Waters, the co-leader of the country's left-wing Greens party, breast-fed her 14-month-old baby when she moved a motion about black lung disease.
"Breast-feeding is a normal and natural thing that women have been doing since time immemorial, and in that sense, it's quite unusual to me that it caused such a sensation", she said.
"Women have always worked and reared children, whether that work was paid in the workplace or unpaid in the home", she explained.
"Well I think it's slightly ridiculous that feeding one's baby is global news - women have been breastfeeding for as long as time immemorial", Waters said.
Though breastfeeding is a normal and natural process, many women have been shamed for doing it in public spaces.
The Australian parliament changed its rules in 2016 to allow female politicians to breastfeed their children in the chamber, as a part of making it a "family friendly" parliament.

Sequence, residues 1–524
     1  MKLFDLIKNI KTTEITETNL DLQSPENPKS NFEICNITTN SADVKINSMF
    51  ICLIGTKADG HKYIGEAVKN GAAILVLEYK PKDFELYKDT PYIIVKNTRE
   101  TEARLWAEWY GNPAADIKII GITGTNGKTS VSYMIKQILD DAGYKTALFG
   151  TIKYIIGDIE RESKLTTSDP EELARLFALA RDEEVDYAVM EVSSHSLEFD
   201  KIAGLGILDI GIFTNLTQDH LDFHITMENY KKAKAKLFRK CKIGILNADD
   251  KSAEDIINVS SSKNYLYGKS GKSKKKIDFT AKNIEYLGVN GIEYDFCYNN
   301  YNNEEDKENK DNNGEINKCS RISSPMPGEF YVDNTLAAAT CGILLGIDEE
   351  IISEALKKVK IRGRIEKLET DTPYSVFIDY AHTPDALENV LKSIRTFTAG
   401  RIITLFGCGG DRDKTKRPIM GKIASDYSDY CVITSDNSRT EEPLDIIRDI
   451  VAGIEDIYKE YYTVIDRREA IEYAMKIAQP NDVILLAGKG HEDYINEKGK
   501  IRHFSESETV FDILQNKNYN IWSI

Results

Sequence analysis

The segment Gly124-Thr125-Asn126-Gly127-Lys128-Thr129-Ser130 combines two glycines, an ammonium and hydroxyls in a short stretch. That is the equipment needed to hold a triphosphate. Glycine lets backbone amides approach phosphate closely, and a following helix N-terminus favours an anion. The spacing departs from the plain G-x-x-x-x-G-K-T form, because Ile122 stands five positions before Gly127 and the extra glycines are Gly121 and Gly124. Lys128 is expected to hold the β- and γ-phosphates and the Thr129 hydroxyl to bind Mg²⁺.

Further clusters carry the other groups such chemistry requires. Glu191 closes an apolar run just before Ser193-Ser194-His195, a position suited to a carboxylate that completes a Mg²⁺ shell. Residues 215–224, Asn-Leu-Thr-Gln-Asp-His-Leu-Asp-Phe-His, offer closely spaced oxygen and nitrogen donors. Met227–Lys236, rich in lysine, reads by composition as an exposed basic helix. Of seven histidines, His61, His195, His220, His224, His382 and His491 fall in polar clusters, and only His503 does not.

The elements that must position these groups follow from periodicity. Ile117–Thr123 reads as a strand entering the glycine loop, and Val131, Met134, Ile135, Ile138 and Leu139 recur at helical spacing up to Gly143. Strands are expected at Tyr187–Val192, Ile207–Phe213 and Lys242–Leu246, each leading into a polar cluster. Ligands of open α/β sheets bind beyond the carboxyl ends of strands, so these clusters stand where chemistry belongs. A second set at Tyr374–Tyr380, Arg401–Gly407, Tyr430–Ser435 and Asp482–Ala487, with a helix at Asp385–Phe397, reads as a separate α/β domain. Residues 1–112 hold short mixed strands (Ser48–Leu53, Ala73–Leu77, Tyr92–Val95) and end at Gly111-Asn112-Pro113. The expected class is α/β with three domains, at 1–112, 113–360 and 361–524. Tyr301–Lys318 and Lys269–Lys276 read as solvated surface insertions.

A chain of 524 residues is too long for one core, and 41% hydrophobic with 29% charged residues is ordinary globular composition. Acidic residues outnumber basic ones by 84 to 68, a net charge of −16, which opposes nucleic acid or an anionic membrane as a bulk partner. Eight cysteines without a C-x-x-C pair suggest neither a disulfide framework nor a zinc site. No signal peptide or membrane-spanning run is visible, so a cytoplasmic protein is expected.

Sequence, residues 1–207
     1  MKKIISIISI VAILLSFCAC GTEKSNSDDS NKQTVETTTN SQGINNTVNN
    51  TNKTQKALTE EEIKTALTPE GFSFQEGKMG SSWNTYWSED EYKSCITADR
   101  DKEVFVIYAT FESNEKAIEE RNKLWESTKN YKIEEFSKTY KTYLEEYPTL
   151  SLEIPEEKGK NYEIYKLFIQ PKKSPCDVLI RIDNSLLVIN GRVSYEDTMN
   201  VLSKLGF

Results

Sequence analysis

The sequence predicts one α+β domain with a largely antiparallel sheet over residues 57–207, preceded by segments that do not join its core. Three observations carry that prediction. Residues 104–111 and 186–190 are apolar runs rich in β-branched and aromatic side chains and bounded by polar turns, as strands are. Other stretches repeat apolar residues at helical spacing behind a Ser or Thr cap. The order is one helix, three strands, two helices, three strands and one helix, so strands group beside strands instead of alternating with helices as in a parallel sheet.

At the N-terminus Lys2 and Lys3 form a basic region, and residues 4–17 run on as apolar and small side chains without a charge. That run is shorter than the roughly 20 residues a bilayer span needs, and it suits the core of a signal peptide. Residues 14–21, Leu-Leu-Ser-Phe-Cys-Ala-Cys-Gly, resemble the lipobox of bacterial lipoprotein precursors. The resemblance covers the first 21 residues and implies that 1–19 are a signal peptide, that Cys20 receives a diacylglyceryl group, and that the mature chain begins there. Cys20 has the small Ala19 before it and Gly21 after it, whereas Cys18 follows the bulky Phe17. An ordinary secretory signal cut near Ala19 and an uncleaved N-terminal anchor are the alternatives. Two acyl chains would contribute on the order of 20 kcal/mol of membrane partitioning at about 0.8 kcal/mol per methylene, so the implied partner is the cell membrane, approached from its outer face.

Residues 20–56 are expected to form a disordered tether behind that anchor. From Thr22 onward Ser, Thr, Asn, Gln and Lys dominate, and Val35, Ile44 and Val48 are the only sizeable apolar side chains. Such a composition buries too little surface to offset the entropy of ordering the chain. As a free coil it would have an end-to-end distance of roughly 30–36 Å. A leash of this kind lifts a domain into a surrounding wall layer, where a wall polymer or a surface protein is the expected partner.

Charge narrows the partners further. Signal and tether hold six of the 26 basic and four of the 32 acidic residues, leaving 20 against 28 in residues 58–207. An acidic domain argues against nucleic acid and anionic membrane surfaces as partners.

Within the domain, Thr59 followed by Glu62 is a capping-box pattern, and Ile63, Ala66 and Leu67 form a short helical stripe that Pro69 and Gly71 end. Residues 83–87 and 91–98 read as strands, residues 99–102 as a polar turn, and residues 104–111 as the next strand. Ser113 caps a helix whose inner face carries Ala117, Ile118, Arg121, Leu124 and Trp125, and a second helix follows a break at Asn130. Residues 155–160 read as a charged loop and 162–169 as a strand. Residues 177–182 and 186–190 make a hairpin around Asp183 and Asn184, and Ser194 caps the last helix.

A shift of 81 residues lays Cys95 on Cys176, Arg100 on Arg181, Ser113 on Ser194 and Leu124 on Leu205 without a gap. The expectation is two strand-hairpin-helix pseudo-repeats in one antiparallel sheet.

This is the same Parliament, where back in 2009, Sarah Hanson-Young's two-year-old daughter Kora was taken from her arms and taken away from the Senate chamber. "I hope it helps to normalise breastfeeding and remove any vestige of stigma against breastfeeding a baby when they are hungry", she said. Many women leave the workforce because there are no adequate means or support for them to take care of their children as well as work but if we have such broad minded and supportive laws then women will not be forced to leave the workforce.
Waters' motion wasn't without critics, though-aka Twitter trolls who feel Alia should be kept out of the Parliament altogether.